Sermon for Advent 4 (Year C), 19 December 2021
Readings: Julian of Norwich, Revelations of Divine Love, chapter 25; Luke 1.39-55
When I was 19, I was sent to support a couple of church groups as an additional leader for trips and to broaden my experience of different church traditions (as I was already exploring my vocation to ordained ministry) – one of these groups took me to the Walsingham Youth Pilgrimage. I’ll never forget this trip, because it was first real exposure to the high church, Anglo-Catholic veneration of Mary. It was supremely surreal for me, who was at the time a fairly middle-of-the-road charismatic. As the gathered crowd proclaimed, ‘Ave Maria! Hail Mary!’, I was quietly bemused. As a statue of our lady was processed around the tent, I started to panic. What was this? Mary isn’t God, so why are we worshipping her? I just didn’t get it.
Since then, I’ve been on a quiet quest in response to my question at the time: Who is Mary?
For me, she is a dichotomy: a gentle, caring mother and yet also a voice of strength, empowerment and liberation.
Her song, the Magnicat, is not just a joyful acceptance of God’s favour, but also a powerful manifesto: she proclaims that the mighty shall be cast down, the lowly lifted up, the hungry fed, and the rich sent away empty.
Through Mary, God reveals the divinity of the feminine. In the context of a world which dismisses the experiences of women, her role in bringing to birth the Christ ‘restores and reintegrates woman’s bodiliness into the very mystery of God.’ (Gebara and Bingemer, 1989) In a narrative that blames Eve for the fall, she redeems the moral ‘rank’ of women because her participation was necessary for our salvation. As theokotos, the God-bearer, she reflects the motherhood of God who birthed all things into being.
Mary loved Jesus before anyone else, felt him move in her womb and knew him first. And Mary was the first person that Jesus knew, the first he loved as the comfort of her voice resonated through her body while his cells grew.
Mary breastfed Jesus.
She woke through the night in response to his cries.
Mary taught Jesus how to speak.
She helped him discover the morals of society, teaching him right from wrong.
Mary dealt with Jesus’ childish moods, she comforted his tears and endured his toddler tantrums.
She kissed his scraped knees, cut his hair, made and mended his clothes.
And she sang him songs of justice, of protest, of peace.
God worked through Mary to shape our Messiah.
And in her Revelations of Divine Love, Julian of Norwich disclosed something profound and essential: Jesus desires us to love his mother.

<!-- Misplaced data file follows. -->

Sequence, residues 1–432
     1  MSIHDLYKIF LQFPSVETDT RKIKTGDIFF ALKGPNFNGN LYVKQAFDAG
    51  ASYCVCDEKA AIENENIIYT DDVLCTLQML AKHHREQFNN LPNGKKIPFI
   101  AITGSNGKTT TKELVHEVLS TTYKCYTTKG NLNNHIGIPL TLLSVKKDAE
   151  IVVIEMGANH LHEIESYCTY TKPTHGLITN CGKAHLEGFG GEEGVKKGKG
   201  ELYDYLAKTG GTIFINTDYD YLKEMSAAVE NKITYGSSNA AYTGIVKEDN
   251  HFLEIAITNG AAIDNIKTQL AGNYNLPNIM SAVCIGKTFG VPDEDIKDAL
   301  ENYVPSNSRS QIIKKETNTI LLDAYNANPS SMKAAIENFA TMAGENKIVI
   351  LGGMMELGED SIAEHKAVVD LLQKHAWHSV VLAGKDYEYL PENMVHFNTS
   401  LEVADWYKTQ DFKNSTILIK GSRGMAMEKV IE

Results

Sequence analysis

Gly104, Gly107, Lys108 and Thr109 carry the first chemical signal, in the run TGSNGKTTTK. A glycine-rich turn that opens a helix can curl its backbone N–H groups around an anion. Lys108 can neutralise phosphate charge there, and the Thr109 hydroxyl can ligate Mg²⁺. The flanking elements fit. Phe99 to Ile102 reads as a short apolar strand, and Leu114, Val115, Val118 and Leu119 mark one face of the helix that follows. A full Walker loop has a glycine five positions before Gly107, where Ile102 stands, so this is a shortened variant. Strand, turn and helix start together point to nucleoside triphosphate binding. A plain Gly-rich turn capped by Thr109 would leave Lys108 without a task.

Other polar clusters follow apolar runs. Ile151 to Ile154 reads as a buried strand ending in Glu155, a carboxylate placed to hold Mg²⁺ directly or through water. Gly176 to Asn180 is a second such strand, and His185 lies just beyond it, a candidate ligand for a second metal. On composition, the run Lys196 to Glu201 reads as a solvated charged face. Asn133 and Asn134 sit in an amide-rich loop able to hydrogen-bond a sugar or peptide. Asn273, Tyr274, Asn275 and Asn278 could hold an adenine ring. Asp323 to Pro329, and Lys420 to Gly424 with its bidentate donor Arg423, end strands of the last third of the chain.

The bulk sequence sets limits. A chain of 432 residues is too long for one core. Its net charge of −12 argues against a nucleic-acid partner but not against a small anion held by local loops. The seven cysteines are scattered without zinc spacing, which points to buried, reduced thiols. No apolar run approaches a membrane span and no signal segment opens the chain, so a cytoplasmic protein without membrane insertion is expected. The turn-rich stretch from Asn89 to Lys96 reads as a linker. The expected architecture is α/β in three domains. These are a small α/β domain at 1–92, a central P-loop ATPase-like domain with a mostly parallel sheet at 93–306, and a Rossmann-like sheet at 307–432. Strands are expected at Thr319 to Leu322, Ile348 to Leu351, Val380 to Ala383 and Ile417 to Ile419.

To Mother Julian, Jesus asks, “Do you want to see her? […] Do you want to see how I love her, so that you can rejoice with me in my love for her, and hers for me? […] Can you see in her how greatly you are loved?”
So although I could say a lot more about what Mary means to me, and the answers I have uncovered in myself while asking ‘Who is Mary?’, I instead would like to invite you to ask yourselves ‘who is Mary to me, today? What do I love about her?’
I’ve selected some different images of Mary, each glimpsing a different aspect of our lady. As we listen to some music, you may like to look at these pictures. Some of them will feel familiar, others surprising, and some may even make you uncomfortable. I wonder, which image do you find most arresting? Which one gives you pause to think? Do any of them look like the Mary you know?
Let us pray.
(you may also like to search the internet for other images of Mary)
And as we draw our time of reflection to a close, I’d like to finish with a re-imagining of the Magnificat called ‘Expectation’, written by Clare McBeath.
My soul magnifies the Lord
and I dance with God who liberates me,
for she has remembered with love
the whispered song of her shadow.
Surely, from now on my story will be
handed down to all generations.
For the One who is Love
has cradled my life in her arms
and beautiful is her name.
Her tenderness enfolds our brokenness
through all generations.
Her voice clamours in shouts of justice,
wrenching free from the grip of the abuser.
She gathers the abused to her breast,
her milk nurturing those who seek her,
according to the promise given to
to Sarah and Hagar
and their children for ever.Clare McBeath
1 Ivone Gebara and Maria Bingemer, Mary, Mother of God, Mother of the Poor, 1989.
2 Julian of Norwich, Revelations of Divine Love (chapter 25).
3Geoffrey Duncan (ed.), Shine on, Star of Bethlehem: A worship resource for Advent, Christmas and Epiphany, 2004.